OK, so here is another very useful idea that I saw via Edutopia and it is about Flipped Learning. Flipped Learning is when you share information with the students via either a video that you create about the lesson, or a video someone else creates, or share information with students about the lesson before they come to the class so that they have a little knowledge ahead of time and you can go deeper during class time. Well this article talks about ways to best do this, and shares an example of a video that the teacher and author of this article used with his 4th grade students prior to the first day of school. Why I think this particular video idea is a great one is that it introduced his students to him and his classroom and some of the first day procedures before they came to school. To me, this is a great way to reduce and alleviate some first day jitters. If nothing else, it gives the students a taste of the type and styles of learning to come.

Here is another great tool that you can use with your class starting today. It’s called Educanon and it is very similar to Zaption and Edupuzzle in that it allows you to create, borrow, use, edit, and share interactive educational videos with your students in order to Flip or formatively assess your students. While you can easily create your own “bulbs” which is what these learning videos are called, you can also choose to use a premade bulb like this one on multiplication and division using modeling. (while this teacher does not specifically call it “bar modeling” it is what he is demonstrating when he shows how to solve this problem), or this one on division as repeated subtraction or this one on fractions and decimals.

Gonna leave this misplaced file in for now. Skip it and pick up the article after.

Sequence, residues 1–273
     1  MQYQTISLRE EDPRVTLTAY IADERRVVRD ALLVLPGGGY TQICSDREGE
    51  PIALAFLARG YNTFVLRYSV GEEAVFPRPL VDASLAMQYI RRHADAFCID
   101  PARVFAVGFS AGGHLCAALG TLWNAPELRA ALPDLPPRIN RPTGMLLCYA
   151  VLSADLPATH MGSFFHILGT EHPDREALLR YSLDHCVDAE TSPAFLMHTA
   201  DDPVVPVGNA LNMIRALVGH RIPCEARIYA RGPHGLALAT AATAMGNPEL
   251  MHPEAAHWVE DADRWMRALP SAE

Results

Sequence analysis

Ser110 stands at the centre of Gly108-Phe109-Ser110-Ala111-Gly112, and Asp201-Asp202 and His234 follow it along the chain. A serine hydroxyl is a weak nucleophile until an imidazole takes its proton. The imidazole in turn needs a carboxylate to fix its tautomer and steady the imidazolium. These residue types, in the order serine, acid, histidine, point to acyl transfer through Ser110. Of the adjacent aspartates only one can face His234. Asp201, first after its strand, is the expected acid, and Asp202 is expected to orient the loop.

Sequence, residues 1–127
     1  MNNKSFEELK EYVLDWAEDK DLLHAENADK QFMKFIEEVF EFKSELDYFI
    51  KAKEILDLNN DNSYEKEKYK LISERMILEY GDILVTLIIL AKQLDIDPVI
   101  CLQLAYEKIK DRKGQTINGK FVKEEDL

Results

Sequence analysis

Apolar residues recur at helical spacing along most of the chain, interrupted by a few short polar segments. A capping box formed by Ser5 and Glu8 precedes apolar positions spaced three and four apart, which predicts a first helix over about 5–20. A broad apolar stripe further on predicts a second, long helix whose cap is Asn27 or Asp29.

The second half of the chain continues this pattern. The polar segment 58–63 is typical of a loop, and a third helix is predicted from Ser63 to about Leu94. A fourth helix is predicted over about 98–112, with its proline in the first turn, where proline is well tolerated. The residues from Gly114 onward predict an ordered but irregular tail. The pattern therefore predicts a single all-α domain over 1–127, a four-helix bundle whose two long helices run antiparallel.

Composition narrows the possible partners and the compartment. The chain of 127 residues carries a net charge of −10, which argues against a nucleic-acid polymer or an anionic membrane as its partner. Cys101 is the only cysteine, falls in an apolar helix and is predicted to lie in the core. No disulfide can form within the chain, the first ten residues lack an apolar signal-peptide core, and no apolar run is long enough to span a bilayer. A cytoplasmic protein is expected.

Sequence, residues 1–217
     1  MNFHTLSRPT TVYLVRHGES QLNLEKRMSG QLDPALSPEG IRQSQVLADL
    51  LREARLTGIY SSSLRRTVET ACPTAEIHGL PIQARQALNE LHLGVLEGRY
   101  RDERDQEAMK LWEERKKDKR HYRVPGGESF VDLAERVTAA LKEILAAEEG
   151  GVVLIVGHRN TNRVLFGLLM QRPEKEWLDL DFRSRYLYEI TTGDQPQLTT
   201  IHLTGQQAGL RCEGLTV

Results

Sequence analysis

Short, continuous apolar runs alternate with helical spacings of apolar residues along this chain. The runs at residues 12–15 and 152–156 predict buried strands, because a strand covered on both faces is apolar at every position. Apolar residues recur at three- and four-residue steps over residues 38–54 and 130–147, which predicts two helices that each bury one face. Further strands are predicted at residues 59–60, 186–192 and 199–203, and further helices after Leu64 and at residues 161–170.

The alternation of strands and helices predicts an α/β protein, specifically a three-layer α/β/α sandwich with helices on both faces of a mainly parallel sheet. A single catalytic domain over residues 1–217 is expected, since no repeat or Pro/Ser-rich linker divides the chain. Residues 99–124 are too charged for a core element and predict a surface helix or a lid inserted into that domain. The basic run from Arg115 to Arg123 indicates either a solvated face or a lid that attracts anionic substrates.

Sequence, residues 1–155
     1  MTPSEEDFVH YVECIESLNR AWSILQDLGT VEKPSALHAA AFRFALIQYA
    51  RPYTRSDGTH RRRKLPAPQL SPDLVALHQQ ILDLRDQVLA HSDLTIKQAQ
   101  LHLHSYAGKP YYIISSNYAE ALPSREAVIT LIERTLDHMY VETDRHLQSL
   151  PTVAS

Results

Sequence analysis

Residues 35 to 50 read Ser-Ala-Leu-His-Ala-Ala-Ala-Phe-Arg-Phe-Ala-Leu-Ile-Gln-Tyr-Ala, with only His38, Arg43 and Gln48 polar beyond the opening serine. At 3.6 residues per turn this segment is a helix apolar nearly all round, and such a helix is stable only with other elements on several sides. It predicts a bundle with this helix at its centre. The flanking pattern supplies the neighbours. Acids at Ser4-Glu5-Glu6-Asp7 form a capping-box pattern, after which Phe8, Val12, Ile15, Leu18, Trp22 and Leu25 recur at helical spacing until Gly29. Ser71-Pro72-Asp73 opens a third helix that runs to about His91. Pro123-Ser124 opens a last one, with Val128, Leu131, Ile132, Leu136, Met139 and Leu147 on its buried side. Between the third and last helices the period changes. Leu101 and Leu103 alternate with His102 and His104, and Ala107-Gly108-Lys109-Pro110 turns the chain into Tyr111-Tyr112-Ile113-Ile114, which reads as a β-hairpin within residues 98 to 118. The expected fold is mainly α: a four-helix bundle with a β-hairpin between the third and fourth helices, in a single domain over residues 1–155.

While I was watching videos on Educanon, I found that there is a great site for  video math lessons called Math Antics that I think regardless if you use them to create interactive videos, they would be a great resource for homework help and reinforcing the lessons you are teaching like Please Excuse My Dear Aunt Sally PEMDAS or this one on long division.

Lastly, here is a site that you are going to LOVE. It’s called Zing and it offers thousands of free ebooks of popular trade books for you and your students from PK-high school to read simultaneously while allowing each student the ability to annotate and highlight, check the built-in dictionary for unfamiliar words, and you to assign books by topic, subject, theme, lexile reading level, guided reading level, and more. Take a look at Richard Byrne’s short video tour of Zing, then sign up. It’s FREE! Want to personalize your Zing and get a few extra options— for $10 for the year, you can select and assign different books to one, some, or all of your students rather than everyone reading the same book. 

Enjoy!